Every building is a unique challenge in functional efficiency, too. How can I reduce the steps of the staff? How can I allow the caregiver to spend more time with the patients? Consumers have a choice nowadays, they get to pick where they want to go. Healthcare is trying to be a little bit more attuned to what the consumer is looking for. International markets see the U.S. as offering the best care in the world, and they want us to bring them Western ideas.
The building has a lot to do with winning over patients. It starts with whether parking is a stressful experience. I canceled my orthopedic appointment at a big hospital here in Dallas this morning because I couldn’t find a place to park. There’s fear and trepidation among many patients, and if the building is agitating that anxiety, it really creates an unhealthy environment. So we’re trying to calm people down and help them feel less stress.
When you work internationally, do you form partnerships?
Oh, yes, you need a local partner firm. For instance, in the Middle East, the drawings that the contractor uses to build the building need to be in Arabic. Same thing in China, they’ve got to be in Chinese. You typically always have a local partner on international work, because they know the trades and how contractors build buildings in their markets better. We don’t really have that knowledge. We are pretty much importers of intelligence on international projects.
What are the regulatory hurdles like?
You always have to interface with governmental agencies on international projects. In Saudi Arabia, for example, most of the hospitals are government-owned, with specific rules and regulations. But it’s not that difficult to deal with, because most of the regulations are founded on Joint Commission standards, and the client wants to make good use of what you know about meeting those standards. In China, they’re not asking you to design it to some standard of their own, they want it designed to U.S. standards.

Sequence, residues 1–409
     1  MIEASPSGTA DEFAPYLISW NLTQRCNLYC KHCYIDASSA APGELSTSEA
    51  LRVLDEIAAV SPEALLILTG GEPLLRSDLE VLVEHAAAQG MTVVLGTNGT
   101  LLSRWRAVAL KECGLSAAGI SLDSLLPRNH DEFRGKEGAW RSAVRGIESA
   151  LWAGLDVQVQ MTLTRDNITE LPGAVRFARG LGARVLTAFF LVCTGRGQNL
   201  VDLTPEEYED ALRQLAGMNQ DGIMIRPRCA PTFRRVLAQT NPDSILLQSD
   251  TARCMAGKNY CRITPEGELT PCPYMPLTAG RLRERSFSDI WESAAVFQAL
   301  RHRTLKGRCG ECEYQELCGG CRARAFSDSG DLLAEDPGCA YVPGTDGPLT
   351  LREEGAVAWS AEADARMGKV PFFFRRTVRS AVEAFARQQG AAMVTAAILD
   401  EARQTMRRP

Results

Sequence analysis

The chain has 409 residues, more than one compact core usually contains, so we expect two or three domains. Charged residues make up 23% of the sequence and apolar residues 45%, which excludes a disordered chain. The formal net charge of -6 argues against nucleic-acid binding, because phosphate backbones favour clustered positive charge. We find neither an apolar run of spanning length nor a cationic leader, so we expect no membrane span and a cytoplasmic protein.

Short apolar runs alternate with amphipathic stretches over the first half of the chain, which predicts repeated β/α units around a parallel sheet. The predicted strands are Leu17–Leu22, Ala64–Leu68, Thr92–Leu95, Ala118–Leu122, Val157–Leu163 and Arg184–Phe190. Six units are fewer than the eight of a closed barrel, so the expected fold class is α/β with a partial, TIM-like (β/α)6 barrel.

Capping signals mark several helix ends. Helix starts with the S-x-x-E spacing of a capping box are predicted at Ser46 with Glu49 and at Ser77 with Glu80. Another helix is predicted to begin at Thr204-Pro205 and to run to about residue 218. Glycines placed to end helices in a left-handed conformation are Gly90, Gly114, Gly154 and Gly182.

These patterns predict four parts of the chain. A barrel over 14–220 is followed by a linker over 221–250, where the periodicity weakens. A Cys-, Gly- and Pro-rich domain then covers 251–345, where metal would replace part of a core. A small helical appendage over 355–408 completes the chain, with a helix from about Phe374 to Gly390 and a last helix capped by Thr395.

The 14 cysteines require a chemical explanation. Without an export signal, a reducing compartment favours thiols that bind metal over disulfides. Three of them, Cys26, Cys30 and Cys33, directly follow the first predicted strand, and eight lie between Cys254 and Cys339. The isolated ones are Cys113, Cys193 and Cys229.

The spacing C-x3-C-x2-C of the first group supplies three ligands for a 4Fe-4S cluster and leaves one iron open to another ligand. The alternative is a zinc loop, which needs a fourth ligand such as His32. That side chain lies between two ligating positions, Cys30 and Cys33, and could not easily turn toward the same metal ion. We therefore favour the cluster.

What are some of the coming challenges in hospital design?
It’s clearly about technology, and that’s changing the demands on facilities. Laboratory equipment has advanced. All the medical gasses needed in patient rooms are now built into the building, which is expensive — you’ve got to run the piping and have all the safety controls. Now there’s talk about building all that into the beds instead of the building, so that the bed can be mobile and take everything with it.
Minimally invasive surgery procedures have completely changed surgery. You used to go to the hospital and stay for a week, now you’re going in and staying for the afternoon. You’re no longer putting surgical patients in a patient room, and that’s changing in-patient volumes. Genome therapy is going to be the next wave. It will replace some of the big, long surgical procedures. All this means you won’t need as many big hospitals.
— Reena Karasin
Reena Karasin is a journalism intern at GHCi.